Let’s recap where we left off in Part Two. As you may recall things began to head south on our man, Alfred W. Syrett, around the beginning of 1905 or possibly even a little earlier. In early February, an article reported that the sheriff had seized his home. It seems attachment proceedings against him had been instituted by one of his partners in the Maple Green Company that had laid out the subdivision of Greenwood.
Meanwhile Syrett had disappeared. His wife said he went to Chicago. But around Feb. 28, he told Captain McNamee (another partner of his in the Maple Green Co.) that he was headed to Jefferson City. An article published on March 10, said he had been brought back from San Francisco. By then there were eight charges against him including forgery, grand larceny and embezzlement.
Skip ahead to January 22, 1908 when an article in the STL Post-Dispatch was published with a drawing of his head. He had just been brought back from San Francisco again having led detectives on a two year search through America, England and Canada. Three hundred people were accusing him of various crimes. The earliest date mentioned was in August of 1903 when he sold the same properties to two different parties, one a doctor and the other the Bank of Maplewood. This was a ruse he apparently used many times.
That same article reported that when he was arrested at the Palace Hotel in San Francisco he had in his company a pretty girl who had been working at the Antler Hotel in Colorado Springs when he met her. This while his wife and children were staying with her parents in St. Louis. An indignant Syrett claimed that the charge that he had “married a chambermaid in Frisco” was “a malicious falsehood.” The nerve of some people!
The papers were pretty quiet about Syrett until the following article showed up on November 1, 1910. Bear in mind that $100,000 in 1910 would be worth about $2,750,000 today.
On November 3, the following article about some of the police records having disappeared was published. Interesting, especially since some of the policemen were partners in a few of his projects.
The next article was published in the St. Louis Star and Times the following day, November the 4th.
On November 29, the STL Post-Dispatch ran the following:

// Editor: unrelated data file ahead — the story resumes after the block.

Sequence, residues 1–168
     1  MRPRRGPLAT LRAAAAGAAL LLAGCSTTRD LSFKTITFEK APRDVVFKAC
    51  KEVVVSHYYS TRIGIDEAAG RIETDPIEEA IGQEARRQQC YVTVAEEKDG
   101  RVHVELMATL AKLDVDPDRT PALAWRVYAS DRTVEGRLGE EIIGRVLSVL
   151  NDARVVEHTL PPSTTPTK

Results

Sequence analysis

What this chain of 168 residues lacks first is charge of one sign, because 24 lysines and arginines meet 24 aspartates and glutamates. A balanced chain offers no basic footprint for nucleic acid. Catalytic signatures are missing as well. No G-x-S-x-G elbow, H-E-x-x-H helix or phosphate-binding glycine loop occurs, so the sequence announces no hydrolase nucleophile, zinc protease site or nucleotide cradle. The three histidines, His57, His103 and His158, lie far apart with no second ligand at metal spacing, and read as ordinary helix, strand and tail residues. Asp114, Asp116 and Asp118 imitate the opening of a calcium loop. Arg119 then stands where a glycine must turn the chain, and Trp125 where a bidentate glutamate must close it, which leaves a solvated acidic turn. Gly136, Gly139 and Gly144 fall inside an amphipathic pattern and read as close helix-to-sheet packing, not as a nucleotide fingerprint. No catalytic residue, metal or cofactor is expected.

In the next article, that appeared in the St. Louis Star and Times on December 10, it seems that Syrett’s luck finally ran out.
Syrett was arrested first in 1905. It took five years to put him in jail. Now leap ahead five years to April 14, 1915 when the STL Post-Dispatch ran the next article.
This is hard to believe. He is at it again. And once again he has disappeared. His poor wife and children. What they must have gone through is difficult to imagine. Over a year later on June 21, 1916, this article from the STL Post-Dispatch reports that he has surfaced again. This time in Detroit.
I don’t really know where this story ends. But this next article, from October 2, 1920 in the STL Post-Dispatch, is where I’m going to end it. Over four years passed between the last two articles. Unbelievably, Syrett is still at it. He certainly does make it tough on all of those who have misbehaved, served their time, learned from the experience and are determined not to repeat their past mistakes. He is not one of them.
Believe it or not, I did not post every article that I found on Syrett. It must seem like I did to the reader. There is a lot more material on this plunger (as he was called in one of the articles) if one cares to look.
My next post will be on the Greenwood Historic District. Then we will revisit the Fraser Park neighborhood to take a look at the fascinating Mikkel Johansen home. Little was know about this lovely home prior to the Fraser Park posts. I like the way this blog generates its own material. That’s the way it has been going for over a decade. Tiny Maplewood. 400+ blog posts.
This is my least favorite time of year. I hope everyone is able to stay warm.
Be careful. Wear your two masks. I’m not kidding. My wife and I both are. I am 71 years old and I do not want to get this virus.
We got many interesting comments on these Syrett posts. Much thanks to everyone who took the time.
Happy Valentine’s Day!
Doug Houser February 14, 2012